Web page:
Nothing came easy for Badfinger. Though they had success with their first few albums (all of them are must-have classics), they soon had a tough time, thanks to terrible management, record label indifference and bad timing. In 1974, worn-down & exhausted from the non-stop touring/recording/touring again grind, they dragged themselves into the studio… and, with help from producer Chris Thomas, made one of their best albums. Many fans say it IS their best. Unfortunately, few people heard it as it was withdrawn from stores shortly after its release, thanks to legal shenanigans. Things only got worse after that. But this record is a masterpiece; let’s celebrate it with a look at the song “In the Meantime/Some Other Time”.

“In the Meantime/Some Other Time” (Mike Gibbins, Joey Molland) Copyright 1974 WB Music Group ASCAP

If you liked this episode on Badfinger, then check out our previous show on “Day After Day”:


Oh, I can’t live if living is without you friends– this is the “I’m In Love With That Song” podcast on the Pantheon Podcast Network. I’m your host, Brad Page, and this episode, we’re digging into a deep track back by Badfinger: “In The Meantime/Some Other Time”.

Most people, if they know Badfinger at all, it’s from their Beatlesque power pop hits like “Baby Blue”, “No Matter What”, “Come And Get It”, and “Day After Day”. We covered “Day After Day” on this show, way back in episode number nine. But Badfinger had a heavier side too, late in their career. After they had fallen off the pop charts, they released one of their best albums. And we’re going to listen to a track from that album, actually a blend of two songs called “In The Meantime/Some Other Time”.

Rock history is littered with artists who suffered bad management, financial disasters, misfortune and untimely death. But by any measure, the story of Badfinger may be the most tragic. It’s the one that breaks my heart the most. With Badfinger, everything that could go wrong did go wrong. And yet they managed to leave behind some incredible music.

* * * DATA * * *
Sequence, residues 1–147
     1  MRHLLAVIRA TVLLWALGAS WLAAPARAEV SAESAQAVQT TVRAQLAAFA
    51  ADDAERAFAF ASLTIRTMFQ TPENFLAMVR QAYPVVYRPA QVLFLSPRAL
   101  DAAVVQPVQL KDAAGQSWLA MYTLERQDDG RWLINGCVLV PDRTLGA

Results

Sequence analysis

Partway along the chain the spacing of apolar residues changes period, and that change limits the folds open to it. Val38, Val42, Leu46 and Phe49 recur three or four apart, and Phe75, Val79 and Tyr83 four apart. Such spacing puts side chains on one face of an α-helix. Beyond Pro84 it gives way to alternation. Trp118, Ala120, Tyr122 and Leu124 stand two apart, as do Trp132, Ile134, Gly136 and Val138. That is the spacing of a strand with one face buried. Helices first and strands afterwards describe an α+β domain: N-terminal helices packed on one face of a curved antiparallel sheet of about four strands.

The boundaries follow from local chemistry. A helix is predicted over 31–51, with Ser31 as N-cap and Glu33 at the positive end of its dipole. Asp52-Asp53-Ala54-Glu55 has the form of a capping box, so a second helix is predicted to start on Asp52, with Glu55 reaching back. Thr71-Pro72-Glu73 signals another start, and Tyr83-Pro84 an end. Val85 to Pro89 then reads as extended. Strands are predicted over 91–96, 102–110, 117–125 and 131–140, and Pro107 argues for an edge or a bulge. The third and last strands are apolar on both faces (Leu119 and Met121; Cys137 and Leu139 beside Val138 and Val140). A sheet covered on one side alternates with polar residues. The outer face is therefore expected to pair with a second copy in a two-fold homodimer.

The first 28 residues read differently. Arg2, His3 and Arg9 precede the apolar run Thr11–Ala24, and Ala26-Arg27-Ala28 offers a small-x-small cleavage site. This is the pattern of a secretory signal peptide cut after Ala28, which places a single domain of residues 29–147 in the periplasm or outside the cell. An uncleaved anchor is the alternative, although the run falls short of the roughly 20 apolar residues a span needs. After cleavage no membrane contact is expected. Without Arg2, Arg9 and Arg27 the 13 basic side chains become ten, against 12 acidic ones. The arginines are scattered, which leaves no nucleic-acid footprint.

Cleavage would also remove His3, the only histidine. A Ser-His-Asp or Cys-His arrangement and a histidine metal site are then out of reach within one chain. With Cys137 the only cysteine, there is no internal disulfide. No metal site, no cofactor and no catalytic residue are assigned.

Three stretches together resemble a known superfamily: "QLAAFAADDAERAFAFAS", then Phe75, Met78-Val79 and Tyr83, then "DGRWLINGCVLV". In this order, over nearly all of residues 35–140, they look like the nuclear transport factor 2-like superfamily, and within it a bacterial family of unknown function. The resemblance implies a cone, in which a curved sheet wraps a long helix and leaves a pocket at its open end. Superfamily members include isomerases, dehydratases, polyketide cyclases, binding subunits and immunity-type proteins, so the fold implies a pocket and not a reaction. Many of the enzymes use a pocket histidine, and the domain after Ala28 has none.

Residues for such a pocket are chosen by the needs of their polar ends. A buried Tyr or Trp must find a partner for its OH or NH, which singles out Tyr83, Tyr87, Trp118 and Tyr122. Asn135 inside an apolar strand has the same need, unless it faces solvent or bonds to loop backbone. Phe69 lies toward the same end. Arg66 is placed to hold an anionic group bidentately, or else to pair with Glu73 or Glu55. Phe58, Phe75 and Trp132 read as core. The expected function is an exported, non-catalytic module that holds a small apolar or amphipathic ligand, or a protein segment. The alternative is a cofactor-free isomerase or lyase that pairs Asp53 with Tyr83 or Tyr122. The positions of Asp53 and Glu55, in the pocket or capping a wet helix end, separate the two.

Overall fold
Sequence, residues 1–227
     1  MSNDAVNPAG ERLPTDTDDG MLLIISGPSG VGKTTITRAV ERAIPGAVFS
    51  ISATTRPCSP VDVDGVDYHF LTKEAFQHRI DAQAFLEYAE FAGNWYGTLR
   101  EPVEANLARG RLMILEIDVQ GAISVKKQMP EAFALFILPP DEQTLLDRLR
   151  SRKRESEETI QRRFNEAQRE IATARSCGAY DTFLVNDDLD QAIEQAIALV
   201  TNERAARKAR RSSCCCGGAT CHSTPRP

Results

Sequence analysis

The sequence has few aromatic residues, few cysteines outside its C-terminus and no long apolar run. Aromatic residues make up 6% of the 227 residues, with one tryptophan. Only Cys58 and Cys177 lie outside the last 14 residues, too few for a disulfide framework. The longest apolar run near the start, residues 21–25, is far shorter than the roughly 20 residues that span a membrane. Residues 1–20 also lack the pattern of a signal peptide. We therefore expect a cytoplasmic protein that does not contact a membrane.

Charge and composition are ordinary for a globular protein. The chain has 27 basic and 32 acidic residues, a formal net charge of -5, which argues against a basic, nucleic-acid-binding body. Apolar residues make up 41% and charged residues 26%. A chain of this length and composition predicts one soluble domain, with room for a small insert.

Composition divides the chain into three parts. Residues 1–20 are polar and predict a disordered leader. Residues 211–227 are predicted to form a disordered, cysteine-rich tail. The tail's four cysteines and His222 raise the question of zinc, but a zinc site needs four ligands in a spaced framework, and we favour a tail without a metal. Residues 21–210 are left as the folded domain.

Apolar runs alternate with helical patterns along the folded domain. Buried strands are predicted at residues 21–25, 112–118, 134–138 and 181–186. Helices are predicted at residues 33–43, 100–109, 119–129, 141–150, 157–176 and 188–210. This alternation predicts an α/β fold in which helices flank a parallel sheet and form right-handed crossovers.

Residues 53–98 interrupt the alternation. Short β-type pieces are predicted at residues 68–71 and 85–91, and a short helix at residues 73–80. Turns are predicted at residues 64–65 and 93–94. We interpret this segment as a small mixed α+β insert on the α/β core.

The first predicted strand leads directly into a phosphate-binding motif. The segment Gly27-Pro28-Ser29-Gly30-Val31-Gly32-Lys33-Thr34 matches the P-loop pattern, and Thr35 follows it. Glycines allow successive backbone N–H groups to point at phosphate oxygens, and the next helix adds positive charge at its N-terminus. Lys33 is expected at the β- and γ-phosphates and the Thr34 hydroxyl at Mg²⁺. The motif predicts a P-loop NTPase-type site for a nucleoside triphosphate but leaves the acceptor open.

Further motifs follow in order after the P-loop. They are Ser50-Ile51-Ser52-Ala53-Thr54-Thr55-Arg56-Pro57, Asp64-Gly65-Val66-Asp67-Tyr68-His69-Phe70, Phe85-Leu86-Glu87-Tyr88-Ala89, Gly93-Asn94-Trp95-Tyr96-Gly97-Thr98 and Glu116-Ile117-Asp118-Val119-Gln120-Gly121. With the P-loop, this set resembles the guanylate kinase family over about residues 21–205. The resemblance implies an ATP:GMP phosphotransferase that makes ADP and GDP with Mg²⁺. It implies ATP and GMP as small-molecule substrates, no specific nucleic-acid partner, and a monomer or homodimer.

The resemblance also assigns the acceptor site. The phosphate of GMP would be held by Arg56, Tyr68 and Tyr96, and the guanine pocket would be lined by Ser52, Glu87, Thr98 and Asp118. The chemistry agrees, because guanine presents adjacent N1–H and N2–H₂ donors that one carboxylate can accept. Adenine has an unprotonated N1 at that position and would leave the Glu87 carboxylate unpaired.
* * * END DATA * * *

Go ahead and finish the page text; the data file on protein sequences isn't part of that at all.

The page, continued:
The story of Badfinger begins in 1961 with a band called the Iveys. After years of paying their dues, in 1968 they signed to the new record label started by the Beatles, Apple Records. In fact, they were the first act signed to Apple. Pete Ham and Tom Evans on guitars, Ron Griffiths on bass and Mike Gibbons on drums, and all four members shared vocals. The Iveys recorded a couple of singles and an album, but they didn’t have much success. In 1969, Paul McCartney agreed to contribute three songs to the film “The Magic Christian”, starring Ringo Starr. McCartney had written one song for the film already, “Come And Get It”. And he offered that song to the Iveys. They recorded their version of it and it was featured in the film, along with two of their original songs. Before the songs were released, the band changed their name to Badfinger.

The first Badfinger album was issued in January 1970, and it included the three songs from the film, some other new material, and some tracks recycled from that previous Ivey’s album. After the release of that record, Ron Griffiths was pushed out of the band. Tom Evans switched to playing bass, and Joey Molland joined on guitars and vocals. This would be the classic Badfinger lineup. In November 1970, they released their next album, “No Dice”. “No Dice” is one of my favorite albums; it shows all the strengths of this band. All four members could write and all four members could sing. Pete Ham in particular was really coming into his own as a songwriter and singer during this period.

But 1970 also saw the band signing on with a new manager, Stan Polley. This turned out to be a bad move. Polley got them to sign a series of bad deals that would eventually cost the band everything. But the music kept getting better.

In May of 1971, they started work on their next album, and though they had to change producers three times before the album was done, “Straight Up” was released in December 1971, and it was their biggest success yet. “Straight Up” is universally considered a classic, and it spawned two big hits: “Day After Day,” which we talked about on the show before, and “Baby Blue”.

Unfortunately, in a case of one step forward and two steps back, they couldn’t capitalize on the success of the album, because Apple Records was falling apart. The Beatles had split, everyone was suing everybody else, and the cash dried up. Apple wasn’t able to promote the album. Whole situation was just a bummer.